Caring for the Caregivers

A program designed to help
caregivers combat stress.

Reprinted from Eating Disorders Review
November/December 2011 Volume 22, Number 6
©2011 Gürze Books

Caring for a patient with an eating disorder can produce high levels of distress. In one study, 40 caregivers of eating disorder patients had a poorer quality of life than did a normal reference group. Mental health, vitality, and emotional functioning were most impaired, and the eating disorder appeared to affect families’ lives substantially. Caregivers reported feeling anxious, powerless, sad, or desperate. The relationship of the caregiver with the eating disorder patient had also changed. Caregivers were more worried, lost their trust, and reported more conflicts. Seventy-five percent welcomed professional support (Eat Disord 2005; 13:345).

To help caregivers combat such stress, a team of British researchers have proposed a cognitive interpersonal maintenance model of eating disorders. The program is Expert Carers Helping Others (ECHO).This cognitive interpersonal maintenance model provides a theoretical basis for intervention, according to Dr. Elizabeth Goddard and colleagues at Kings College, London (Br J Psychiatry 2011; 199:225). The British researchers recently tested the model in a community sample of caregivers recruited from the United Kingdom between Septembers 2006 and February 2009. The participants were partners, siblings, other relatives, and friends who provide unpaid help and support for patients with eating disorders.

All caregivers were first assessed once consent was obtained; they then waited for 6 weeks and were reassessed before the actual 6-week intervention was initiated. This waiting period allowed the researchers to examine the stability of the care-giving experience over a period equivalent to the intervention period. After a second assessment, 119 caregivers were randomized to receive self-help only (ECHO) or guided self-help (ECHO). All participants were given a book and five DVDs after the second assessment. These self-help materials included information on behavior and health, identifying barriers to change, general encouragement, behavioral goals and contracts, modeling, promotes and graded tasks, self-talk, and stress-management skills. Those in the guided self-help group also received 3 additional telephone coaching sessions (approximately 40 minutes in length), plus an introductory telephone call lasting 15 to 20 minutes. Most of these sessions were delivered by two coaches, one of whom had been a caregiver herself and another who was a senior clinical nurse specializing in eating disorders.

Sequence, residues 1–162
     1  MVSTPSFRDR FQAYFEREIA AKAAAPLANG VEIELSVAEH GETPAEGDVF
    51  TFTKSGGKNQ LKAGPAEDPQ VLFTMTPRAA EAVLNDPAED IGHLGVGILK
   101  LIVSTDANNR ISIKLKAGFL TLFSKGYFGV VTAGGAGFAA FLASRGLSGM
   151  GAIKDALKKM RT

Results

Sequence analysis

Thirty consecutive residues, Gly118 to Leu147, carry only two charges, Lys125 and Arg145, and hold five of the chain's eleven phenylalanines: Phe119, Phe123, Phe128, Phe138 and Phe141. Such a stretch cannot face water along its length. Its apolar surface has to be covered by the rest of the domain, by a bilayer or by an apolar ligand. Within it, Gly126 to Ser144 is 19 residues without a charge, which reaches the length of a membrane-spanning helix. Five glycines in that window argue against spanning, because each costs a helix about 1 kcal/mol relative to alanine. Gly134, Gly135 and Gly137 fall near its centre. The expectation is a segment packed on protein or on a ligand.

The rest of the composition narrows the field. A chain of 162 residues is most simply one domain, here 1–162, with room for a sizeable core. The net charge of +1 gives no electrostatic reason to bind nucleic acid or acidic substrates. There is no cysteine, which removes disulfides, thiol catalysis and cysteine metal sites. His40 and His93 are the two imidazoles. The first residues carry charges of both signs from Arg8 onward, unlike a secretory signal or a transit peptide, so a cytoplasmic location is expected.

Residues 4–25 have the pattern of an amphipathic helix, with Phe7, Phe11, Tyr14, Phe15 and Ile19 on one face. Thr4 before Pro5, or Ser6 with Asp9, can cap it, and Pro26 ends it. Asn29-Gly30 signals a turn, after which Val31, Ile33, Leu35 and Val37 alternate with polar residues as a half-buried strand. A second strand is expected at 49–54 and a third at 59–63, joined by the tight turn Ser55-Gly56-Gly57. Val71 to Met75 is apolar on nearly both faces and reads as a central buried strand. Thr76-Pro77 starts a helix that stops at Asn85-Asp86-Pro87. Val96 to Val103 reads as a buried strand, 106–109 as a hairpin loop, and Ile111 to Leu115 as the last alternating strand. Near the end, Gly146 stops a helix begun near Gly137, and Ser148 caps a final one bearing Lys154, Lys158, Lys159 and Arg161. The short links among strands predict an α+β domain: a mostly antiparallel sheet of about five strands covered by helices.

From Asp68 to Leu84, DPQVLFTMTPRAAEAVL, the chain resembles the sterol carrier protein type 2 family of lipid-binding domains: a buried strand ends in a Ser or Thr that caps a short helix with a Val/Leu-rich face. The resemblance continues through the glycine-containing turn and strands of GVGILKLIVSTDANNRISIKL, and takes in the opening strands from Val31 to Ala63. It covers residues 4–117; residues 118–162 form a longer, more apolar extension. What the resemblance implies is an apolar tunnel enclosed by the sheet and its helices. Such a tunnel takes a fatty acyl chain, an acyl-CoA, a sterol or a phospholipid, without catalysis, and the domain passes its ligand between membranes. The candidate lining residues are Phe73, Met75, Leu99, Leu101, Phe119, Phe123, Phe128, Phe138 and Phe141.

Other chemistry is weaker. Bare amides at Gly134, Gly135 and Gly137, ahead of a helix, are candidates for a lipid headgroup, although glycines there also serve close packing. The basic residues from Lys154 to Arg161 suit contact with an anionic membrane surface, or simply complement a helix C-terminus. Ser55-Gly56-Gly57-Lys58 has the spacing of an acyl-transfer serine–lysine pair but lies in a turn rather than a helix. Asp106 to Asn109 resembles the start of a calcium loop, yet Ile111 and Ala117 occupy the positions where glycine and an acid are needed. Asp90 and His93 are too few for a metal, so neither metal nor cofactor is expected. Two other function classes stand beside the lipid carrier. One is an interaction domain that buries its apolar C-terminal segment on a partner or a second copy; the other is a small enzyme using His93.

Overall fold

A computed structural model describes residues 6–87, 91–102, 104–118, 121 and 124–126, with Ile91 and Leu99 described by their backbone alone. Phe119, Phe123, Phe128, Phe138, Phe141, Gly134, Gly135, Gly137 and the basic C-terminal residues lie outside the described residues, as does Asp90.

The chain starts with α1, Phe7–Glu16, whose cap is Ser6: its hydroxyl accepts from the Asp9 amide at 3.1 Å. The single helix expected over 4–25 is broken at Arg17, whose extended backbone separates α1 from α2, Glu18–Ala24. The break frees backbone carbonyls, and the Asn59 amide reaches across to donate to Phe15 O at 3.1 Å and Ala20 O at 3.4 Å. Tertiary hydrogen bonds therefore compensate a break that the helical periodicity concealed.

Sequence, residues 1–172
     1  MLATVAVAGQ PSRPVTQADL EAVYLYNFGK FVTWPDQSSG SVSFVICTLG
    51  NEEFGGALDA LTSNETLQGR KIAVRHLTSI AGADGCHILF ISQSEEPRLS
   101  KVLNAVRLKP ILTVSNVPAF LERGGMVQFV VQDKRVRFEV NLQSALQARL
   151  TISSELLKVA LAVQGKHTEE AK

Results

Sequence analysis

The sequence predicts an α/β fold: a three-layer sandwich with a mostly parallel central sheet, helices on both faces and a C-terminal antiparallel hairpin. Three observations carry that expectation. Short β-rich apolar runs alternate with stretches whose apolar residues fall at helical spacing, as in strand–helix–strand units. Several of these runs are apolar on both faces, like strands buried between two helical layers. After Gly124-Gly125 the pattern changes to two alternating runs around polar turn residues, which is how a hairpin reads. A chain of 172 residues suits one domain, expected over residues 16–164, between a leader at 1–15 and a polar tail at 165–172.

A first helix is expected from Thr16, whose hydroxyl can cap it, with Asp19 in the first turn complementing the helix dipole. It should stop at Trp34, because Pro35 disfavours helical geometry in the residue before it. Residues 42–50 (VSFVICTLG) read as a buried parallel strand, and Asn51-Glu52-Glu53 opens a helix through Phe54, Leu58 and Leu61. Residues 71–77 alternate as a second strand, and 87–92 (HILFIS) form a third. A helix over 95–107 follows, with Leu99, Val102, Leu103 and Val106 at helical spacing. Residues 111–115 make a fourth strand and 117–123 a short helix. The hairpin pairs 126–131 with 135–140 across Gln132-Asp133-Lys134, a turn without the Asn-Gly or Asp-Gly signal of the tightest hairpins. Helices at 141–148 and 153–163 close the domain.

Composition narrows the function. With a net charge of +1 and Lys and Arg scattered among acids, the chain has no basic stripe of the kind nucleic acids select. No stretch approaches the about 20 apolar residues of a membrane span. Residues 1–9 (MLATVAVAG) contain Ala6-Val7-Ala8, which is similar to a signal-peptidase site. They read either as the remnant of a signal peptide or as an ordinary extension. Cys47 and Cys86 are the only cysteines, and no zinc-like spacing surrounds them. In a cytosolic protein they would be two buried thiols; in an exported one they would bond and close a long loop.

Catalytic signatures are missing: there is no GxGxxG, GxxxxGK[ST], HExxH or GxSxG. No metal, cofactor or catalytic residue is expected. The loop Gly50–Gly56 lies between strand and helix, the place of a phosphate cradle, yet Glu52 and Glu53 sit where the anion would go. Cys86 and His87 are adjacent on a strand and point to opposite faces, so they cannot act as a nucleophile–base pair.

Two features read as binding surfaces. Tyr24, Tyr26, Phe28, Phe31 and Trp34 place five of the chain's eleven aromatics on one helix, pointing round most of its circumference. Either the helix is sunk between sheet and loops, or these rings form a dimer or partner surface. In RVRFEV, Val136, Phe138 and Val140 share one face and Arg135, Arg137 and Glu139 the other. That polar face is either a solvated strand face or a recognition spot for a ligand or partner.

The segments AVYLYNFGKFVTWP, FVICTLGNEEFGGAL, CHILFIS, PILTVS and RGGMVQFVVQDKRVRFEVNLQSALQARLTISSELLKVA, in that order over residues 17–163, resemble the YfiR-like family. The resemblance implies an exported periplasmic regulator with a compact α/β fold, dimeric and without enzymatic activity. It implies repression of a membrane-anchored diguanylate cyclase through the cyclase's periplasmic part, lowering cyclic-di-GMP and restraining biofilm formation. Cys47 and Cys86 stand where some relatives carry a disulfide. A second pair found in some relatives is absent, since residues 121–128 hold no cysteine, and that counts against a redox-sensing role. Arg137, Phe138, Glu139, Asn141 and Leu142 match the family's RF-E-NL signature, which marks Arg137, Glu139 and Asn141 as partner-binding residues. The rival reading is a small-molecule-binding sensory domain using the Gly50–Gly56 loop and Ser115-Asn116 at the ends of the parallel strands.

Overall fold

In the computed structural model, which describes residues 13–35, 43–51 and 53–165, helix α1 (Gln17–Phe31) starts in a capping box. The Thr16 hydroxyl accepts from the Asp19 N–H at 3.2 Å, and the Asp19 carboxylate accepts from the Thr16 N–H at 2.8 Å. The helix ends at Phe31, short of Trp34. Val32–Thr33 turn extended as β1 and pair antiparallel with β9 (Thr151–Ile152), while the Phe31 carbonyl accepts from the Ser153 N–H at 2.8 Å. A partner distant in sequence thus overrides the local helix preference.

A number of measures were used to assess caregiver distress, including the General Health Questionnaire and the Hospital Anxiety and Depression Scale. The caregivers were asked to mark which characteristics and behaviors they could identify in their loved one at that time, including severe underweight, food restriction, and excessive exercising. They were also asked to rate on a visual analog scale the proportion of DVSs they watched (0= none; 10= all).

How effective was the intervention?

The aims of the exploratory study were to test the interpersonal maintenance model and to test whether telephone guidance improved the effectiveness of a self-help intervention. Caregiver distress and almost all secondary outcomes derived from the model improved after the intervention. The caregivers also reported improvements in the loved one’s level of functioning and eating disorders symptoms. However, the researchers were surprised to learn that adding telephone coaching did not add additional benefits to the self-help-only intervention.

The impact of the ECHO program was greatest for caregivers with the highest levels of expressed emotion, accommodation and enabling behaviors and the lowest self-efficacy. Watching more DVDs also produced a greater reduction in expressed emotion and accommodating and enabling behaviors.

The authors note that the cognitive interpersonal model was supported by the results of this study. The skills training involved is low in cost and can be easily disseminated. Dr. Goddard and colleagues also feel that acceptability of the ECHO program could have been improved by making the training materials more attractive and salient. They note that a Phase III trial with direct measurement of eating disorder psychopathology, and using a treatment control group would be an excellent addition for the future.

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